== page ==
I'm sorry, but I need to ask you where you're getting your data from. There are some pretty dim coders out there who are mightily impressed with their ability to be a code monkey, despite the mindless nature of what they do. That's not what the majority of coders I've met are like, and I've spent over a decade in corporate environments. (Smalltalk shops may be atypical.)

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I actually agree, at least partially.

When I was young and in larval stage, I would work very, very long hours on my hobby projects. Today, I think of myself as having a programmer's virtues of laziness, impatience, and hubris, I despise all-nighters (even for hobby projects), and I place a lot of value on leisure activities and time with friends and family. My passions have changed, even though I like having the time to work on my hobby and business projects (I've got two at the moment).

But then again, my skill level has increased far more than my desired work hours have decreased. When I started, I could barely use the Delphi graphical debugger, often dealt with null pointer errors from bad object-destruction or initialization practices, crashed my machine from copying data to the wrong location in memory half the time, reinvented the wheel most of the time, knew no math above high-school level (I was in middle school, after all!), knew only three similar imperative programming languages (QBasic, Delphi, and C++), and only knew how to use Windows ME. "Version control" was not even in my personal vocabulary, and I only knew the build system that came with my IDE.

Today, I know more programming languages than I can remember to list, I run all three major desktop OS's and program for them when desirable and necessary, I know enough calculus and linear algebra to make my way as a computer scientist and real programmer, either use garbage collection or practice strong memory discipline, almost never follow bad pointers, and do most of my debugging with System.err.println and command-line debuggers. I have used git, Mercurial, Subversion, and CVS, the former two professionally, and I've had the misfortune to use not only CMake, ant, SBT, and Python install/packaging scripts for build systems but autotools and manually-written Makefiles as well.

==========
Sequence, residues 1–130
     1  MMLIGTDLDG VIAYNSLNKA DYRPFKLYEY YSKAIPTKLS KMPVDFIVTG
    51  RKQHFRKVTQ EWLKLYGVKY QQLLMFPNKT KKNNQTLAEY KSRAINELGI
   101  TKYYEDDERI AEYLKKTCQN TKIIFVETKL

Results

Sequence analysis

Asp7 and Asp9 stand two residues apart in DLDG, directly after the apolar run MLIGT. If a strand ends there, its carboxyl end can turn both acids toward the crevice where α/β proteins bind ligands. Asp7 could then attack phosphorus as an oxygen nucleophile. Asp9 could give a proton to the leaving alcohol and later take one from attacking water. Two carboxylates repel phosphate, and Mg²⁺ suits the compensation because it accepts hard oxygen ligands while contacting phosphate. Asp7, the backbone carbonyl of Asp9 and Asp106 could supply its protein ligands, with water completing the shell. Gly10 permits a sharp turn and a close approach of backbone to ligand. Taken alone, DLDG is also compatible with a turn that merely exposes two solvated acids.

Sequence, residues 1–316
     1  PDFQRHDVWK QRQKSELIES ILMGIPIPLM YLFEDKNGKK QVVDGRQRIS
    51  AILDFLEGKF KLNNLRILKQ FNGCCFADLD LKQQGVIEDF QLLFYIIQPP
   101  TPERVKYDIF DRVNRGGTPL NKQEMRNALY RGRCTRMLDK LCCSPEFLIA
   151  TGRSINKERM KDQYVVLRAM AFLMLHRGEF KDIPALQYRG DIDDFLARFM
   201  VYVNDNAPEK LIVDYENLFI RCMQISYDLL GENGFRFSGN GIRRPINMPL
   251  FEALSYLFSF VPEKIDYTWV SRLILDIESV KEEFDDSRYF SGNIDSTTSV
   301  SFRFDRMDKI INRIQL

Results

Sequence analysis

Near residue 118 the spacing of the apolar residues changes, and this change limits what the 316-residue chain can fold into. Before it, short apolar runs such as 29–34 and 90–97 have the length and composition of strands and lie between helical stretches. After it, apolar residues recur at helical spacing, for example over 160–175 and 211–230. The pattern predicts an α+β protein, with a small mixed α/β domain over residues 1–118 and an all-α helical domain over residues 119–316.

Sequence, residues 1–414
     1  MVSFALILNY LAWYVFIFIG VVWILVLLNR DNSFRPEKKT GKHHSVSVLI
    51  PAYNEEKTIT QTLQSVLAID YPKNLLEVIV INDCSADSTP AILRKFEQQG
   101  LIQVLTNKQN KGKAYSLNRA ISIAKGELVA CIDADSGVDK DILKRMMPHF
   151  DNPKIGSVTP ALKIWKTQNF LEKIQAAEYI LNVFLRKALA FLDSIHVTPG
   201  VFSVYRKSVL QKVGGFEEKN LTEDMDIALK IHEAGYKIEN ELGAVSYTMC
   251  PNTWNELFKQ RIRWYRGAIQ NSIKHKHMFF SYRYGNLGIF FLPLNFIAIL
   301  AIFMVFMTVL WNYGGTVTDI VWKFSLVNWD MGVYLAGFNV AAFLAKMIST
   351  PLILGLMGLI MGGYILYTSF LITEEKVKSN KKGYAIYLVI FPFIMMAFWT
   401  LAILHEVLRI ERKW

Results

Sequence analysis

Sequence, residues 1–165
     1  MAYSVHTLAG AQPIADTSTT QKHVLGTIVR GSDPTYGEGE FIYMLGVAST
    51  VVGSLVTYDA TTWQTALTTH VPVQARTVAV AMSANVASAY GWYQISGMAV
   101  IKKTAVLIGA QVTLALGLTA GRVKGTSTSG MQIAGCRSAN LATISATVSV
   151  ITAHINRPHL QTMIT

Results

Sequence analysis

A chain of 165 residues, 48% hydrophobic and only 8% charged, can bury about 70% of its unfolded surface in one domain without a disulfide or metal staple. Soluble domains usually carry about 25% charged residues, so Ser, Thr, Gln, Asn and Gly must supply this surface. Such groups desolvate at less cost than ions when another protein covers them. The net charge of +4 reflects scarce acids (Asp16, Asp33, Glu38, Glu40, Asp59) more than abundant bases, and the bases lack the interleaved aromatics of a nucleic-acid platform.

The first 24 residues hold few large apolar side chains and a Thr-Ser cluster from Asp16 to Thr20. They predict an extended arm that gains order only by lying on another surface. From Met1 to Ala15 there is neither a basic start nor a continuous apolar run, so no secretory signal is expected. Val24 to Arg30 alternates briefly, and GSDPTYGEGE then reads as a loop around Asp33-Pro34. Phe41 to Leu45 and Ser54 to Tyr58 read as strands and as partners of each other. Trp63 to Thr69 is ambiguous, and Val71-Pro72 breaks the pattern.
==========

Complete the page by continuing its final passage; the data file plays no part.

My desired hours of work have shrunk linearly, but my skill, knowledge-base, and sheer experience have grown polynomially if not exponentially. I don't just hit things with sticks anymore, I know where to hit things with sticks. Just who the hell does the world think I am?

But all that said, many employers most likely deal with a lot of larval-stage college grads and amateurs who remain unproductive enough to require long working hours well into their careers. There's also a gigantic signaling issue here, because not even 10 or 15 years in the field actually indicates that you're this kind of experienced, intuitive, get-it-done-quick-and-slope-off-down-the-pub hacker, nor that you're an "A player" for any specific field of problem.

So if I'm a hiring manager who wants to run a company full of lazy people (that is, "lazy" in the sense of short hours or even a reduced workweek), how do I find the programmers with the sheer skill to not require late-night debugging binges at least occasionally?

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This is me pretty much. I crush problems under my foot at work, and then leave after putting the requisite hours in.

I've had employers tell me to work more hours so they could bill our clients more. I was naive, and asked why, as my components didn't require all-day debug sessions at client sites, and I regularly hit my milestones. I didn't understand the perverse incentives that come into play when consulting. No doubt they wanted me to work on something; but all they saw was the dollar value I was worth. In the time I would have spent at the office, I arguably put it into something more productive (long-term), such as working on side projects, or practicing a musical instrument.

These days I consult at a strict 30 hours a week. I have workaholic tendencies, so I'm on a rest cycle WRT work.